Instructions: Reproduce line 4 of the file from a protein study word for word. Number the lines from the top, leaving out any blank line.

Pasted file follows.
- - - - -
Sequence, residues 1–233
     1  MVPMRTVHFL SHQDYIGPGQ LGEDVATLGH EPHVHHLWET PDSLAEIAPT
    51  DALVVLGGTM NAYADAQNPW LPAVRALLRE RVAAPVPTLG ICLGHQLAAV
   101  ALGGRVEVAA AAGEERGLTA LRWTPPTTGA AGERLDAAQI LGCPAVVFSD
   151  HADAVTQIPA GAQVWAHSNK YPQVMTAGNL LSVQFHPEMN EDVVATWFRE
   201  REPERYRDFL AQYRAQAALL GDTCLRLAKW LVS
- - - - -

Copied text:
   101  ALGGRVEVAA AAGEERGLTA LRWTPPTTGA AGERLDAAQI LGCPAVVFSD